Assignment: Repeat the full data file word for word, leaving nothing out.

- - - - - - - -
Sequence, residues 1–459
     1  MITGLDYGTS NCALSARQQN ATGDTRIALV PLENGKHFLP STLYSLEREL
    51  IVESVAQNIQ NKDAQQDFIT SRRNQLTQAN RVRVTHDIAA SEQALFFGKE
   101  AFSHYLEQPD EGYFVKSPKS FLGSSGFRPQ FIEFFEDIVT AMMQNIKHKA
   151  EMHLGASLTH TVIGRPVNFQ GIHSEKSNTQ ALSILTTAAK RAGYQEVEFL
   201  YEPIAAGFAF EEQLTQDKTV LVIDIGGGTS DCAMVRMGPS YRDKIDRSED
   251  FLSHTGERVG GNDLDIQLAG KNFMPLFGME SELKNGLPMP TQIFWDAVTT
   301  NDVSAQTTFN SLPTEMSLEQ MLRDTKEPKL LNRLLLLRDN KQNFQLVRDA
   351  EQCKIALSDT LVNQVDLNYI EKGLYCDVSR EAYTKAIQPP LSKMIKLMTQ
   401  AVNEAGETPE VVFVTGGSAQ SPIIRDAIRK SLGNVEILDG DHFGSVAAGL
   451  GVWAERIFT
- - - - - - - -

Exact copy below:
Sequence, residues 1–459
     1  MITGLDYGTS NCALSARQQN ATGDTRIALV PLENGKHFLP STLYSLEREL
    51  IVESVAQNIQ NKDAQQDFIT SRRNQLTQAN RVRVTHDIAA SEQALFFGKE
   101  AFSHYLEQPD EGYFVKSPKS FLGSSGFRPQ FIEFFEDIVT AMMQNIKHKA
   151  EMHLGASLTH TVIGRPVNFQ GIHSEKSNTQ ALSILTTAAK RAGYQEVEFL
   201  YEPIAAGFAF EEQLTQDKTV LVIDIGGGTS DCAMVRMGPS YRDKIDRSED
   251  FLSHTGERVG GNDLDIQLAG KNFMPLFGME SELKNGLPMP TQIFWDAVTT
   301  NDVSAQTTFN SLPTEMSLEQ MLRDTKEPKL LNRLLLLRDN KQNFQLVRDA
   351  EQCKIALSDT LVNQVDLNYI EKGLYCDVSR EAYTKAIQPP LSKMIKLMTQ
   401  AVNEAGETPE VVFVTGGSAQ SPIIRDAIRK SLGNVEILDG DHFGSVAAGL
   451  GVWAERIFT